virtualmemory - Chapter 9: Virtual Memory Chapter 9:...

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Chapter 9: Virtual Memory Chapter 9: Virtual Memory
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9.2 Silberschatz, Galvin and Gagne ©2005 Operating System Concepts – 7 th Edition, Feb 22, 2005 Chapter 9: Virtual Memory Chapter 9: Virtual Memory Background Demand Paging Copy-on-Write Page Replacement Allocation of Frames Thrashing Memory-Mapped Files Allocating Kernel Memory Other Considerations Operating-System Examples
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9.3 Silberschatz, Galvin and Gagne ©2005 Operating System Concepts – 7 th Edition, Feb 22, 2005 Objectives Objectives To describe the benefits of a virtual memory system To explain the concepts of demand paging, page-replacement algorithms, and allocation of page frames To discuss the principle of the working-set model
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9.4 Silberschatz, Galvin and Gagne ©2005 Operating System Concepts – 7 th Edition, Feb 22, 2005 Background Background Virtual memory – separation of user logical memory from physical memory. Only part of the program needs to be in memory for execution Logical address space can therefore be much larger than physical address space Allows address spaces to be shared by several processes Allows for more efficient process creation Virtual memory can be implemented via: Demand paging Demand segmentation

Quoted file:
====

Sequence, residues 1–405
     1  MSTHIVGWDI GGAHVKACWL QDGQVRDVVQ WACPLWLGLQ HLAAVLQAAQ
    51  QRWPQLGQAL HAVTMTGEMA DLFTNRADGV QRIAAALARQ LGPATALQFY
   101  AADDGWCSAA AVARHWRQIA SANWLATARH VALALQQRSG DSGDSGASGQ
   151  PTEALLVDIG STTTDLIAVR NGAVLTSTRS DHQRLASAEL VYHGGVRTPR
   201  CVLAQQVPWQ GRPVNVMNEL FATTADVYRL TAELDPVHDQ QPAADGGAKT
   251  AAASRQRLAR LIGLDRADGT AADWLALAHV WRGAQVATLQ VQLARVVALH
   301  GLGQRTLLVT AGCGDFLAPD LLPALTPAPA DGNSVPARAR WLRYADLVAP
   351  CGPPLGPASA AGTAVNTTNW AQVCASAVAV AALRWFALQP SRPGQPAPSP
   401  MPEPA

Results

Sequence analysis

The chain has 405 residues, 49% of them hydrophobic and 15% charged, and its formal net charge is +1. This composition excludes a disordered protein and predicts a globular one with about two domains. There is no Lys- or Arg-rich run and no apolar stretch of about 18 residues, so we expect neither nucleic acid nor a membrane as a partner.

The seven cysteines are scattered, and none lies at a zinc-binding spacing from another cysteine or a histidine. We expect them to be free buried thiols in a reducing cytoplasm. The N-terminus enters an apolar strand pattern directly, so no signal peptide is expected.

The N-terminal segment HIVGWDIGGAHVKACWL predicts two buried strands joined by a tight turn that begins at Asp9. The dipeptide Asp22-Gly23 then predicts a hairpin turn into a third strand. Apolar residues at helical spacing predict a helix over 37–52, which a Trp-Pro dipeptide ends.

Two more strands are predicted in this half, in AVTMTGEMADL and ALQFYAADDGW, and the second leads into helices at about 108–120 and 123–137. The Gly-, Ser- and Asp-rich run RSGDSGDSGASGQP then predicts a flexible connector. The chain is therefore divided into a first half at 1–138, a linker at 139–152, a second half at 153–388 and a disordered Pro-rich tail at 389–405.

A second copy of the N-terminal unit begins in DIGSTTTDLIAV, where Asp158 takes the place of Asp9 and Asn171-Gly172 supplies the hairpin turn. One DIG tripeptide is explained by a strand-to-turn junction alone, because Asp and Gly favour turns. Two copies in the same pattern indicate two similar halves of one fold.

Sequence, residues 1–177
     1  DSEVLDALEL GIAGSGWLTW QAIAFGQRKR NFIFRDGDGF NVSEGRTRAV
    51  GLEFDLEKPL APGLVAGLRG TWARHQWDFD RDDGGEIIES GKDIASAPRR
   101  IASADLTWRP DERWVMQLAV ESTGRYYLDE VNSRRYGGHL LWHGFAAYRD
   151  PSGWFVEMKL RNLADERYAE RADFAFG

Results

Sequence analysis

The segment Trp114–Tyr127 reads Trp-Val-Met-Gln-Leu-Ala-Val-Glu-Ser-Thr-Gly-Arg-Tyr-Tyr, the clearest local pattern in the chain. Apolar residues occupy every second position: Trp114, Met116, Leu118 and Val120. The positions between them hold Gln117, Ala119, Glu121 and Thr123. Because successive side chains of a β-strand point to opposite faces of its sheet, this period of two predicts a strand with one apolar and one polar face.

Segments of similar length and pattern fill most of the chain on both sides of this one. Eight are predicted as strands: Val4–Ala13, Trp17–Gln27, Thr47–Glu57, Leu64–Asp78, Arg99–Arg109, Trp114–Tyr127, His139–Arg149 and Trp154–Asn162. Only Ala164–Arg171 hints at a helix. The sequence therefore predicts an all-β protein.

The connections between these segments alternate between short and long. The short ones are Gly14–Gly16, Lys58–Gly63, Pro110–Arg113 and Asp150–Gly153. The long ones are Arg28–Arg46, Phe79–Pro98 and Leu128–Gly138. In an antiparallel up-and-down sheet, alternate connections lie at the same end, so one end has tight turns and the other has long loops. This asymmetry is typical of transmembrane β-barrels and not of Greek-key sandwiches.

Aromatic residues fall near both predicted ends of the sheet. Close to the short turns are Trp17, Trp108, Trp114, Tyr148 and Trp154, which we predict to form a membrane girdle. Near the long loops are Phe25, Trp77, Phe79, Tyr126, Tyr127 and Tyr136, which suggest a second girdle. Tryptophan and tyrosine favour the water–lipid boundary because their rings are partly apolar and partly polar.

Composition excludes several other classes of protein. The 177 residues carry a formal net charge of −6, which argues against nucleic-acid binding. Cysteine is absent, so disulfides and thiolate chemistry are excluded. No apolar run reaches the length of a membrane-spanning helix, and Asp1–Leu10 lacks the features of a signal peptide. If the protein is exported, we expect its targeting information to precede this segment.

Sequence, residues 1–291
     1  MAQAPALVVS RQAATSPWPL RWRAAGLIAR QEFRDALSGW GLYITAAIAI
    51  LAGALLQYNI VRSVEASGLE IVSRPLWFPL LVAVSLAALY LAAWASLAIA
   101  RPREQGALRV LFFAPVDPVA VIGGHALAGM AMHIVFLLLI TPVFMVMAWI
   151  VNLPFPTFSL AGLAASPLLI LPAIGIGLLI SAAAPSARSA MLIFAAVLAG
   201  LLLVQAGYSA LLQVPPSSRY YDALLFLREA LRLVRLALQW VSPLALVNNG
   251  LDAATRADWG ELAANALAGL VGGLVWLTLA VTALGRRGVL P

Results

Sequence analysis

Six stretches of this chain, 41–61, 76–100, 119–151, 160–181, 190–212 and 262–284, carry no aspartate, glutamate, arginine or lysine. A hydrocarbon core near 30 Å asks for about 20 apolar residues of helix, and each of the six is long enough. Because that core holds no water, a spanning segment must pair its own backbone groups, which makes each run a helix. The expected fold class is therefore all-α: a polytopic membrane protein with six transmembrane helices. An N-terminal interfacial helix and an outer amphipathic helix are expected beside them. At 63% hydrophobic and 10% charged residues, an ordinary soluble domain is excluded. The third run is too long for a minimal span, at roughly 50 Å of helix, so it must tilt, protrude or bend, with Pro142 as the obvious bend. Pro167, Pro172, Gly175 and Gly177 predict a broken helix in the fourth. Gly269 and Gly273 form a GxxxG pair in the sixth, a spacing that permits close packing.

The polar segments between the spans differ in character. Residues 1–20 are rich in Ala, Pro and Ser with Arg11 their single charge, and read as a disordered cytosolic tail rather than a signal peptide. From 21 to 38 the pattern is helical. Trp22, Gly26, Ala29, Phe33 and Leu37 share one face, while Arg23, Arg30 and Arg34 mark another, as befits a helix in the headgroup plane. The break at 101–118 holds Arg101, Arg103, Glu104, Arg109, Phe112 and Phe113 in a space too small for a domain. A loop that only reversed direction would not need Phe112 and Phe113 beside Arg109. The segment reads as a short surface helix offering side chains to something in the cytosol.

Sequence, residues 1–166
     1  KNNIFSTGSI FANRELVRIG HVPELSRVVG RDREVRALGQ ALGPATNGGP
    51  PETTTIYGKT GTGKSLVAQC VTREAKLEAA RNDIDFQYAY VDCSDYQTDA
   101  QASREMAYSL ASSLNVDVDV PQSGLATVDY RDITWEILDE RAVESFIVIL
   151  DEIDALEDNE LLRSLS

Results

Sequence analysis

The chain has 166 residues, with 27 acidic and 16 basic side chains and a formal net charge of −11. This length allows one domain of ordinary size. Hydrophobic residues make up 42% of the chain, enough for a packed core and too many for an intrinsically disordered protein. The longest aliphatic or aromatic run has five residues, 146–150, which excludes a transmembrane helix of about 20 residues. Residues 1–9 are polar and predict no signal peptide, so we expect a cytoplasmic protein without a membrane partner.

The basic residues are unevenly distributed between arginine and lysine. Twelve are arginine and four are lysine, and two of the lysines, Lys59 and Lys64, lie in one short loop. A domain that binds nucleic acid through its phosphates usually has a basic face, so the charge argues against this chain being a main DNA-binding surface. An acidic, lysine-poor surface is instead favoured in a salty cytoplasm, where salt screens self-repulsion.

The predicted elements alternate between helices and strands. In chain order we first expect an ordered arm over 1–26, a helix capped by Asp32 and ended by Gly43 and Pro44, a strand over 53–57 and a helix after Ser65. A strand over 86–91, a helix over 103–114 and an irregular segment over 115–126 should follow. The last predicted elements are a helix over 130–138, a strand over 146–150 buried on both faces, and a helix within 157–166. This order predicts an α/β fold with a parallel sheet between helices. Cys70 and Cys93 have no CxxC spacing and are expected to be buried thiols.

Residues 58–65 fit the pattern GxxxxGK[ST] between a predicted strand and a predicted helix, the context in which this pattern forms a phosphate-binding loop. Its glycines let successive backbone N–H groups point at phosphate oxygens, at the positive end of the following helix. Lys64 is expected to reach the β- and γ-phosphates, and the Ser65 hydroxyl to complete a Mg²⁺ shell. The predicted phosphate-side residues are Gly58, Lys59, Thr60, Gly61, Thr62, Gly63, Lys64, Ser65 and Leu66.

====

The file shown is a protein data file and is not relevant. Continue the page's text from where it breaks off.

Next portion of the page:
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9.5 Silberschatz, Galvin and Gagne ©2005 Operating System Concepts – 7 th Edition, Feb 22, 2005 Virtual Memory That is Larger Than Physical Memory Virtual Memory That is Larger Than Physical Memory
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9.6 Silberschatz, Galvin and Gagne ©2005 Operating System Concepts – 7 th Edition, Feb 22, 2005 Demand Paging Demand Paging Bring a page into memory only when it is needed Less I/O needed Less memory needed Faster response More users Page is needed reference to it invalid reference abort not-in-memory bring to memory Lazy swapper – never swaps a page into memory unless page will be needed Swapper that deals with pages is a pager
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9.7 Silberschatz, Galvin and Gagne ©2005 Operating System Concepts – 7 th Edition, Feb 22, 2005 Transfer of a Paged Memory to Contiguous Disk Space Transfer of a Paged Memory to Contiguous Disk Space
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9.8 Silberschatz, Galvin and Gagne ©2005 Operating System Concepts – 7 th Edition, Feb 22, 2005 Valid-Invalid Bit Valid-Invalid Bit With each page table entry a valid–invalid bit is associated ( v in-memory, i not-in-memory) Initially valid–invalid bit is set to i on all entries Example of a page table snapshot: During address translation, if valid–invalid bit in page table entry is I page fault v v v v i i i …. Frame # valid-invalid bit page table
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9.9 Silberschatz, Galvin and Gagne ©2005 Operating System Concepts – 7 th Edition, Feb 22, 2005 Page Table When Some Pages Are Not in Main Memory Page Table When Some Pages Are Not in Main Memory
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9.10 Silberschatz, Galvin and Gagne ©2005 Operating System Concepts – 7 th Edition, Feb 22, 2005 Page Fault
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This note was uploaded on 11/15/2011 for the course COMP 3500 taught by Professor Wang,y during the Summer '08 term at Auburn University.

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virtualmemory - Chapter 9: Virtual Memory Chapter 9:...

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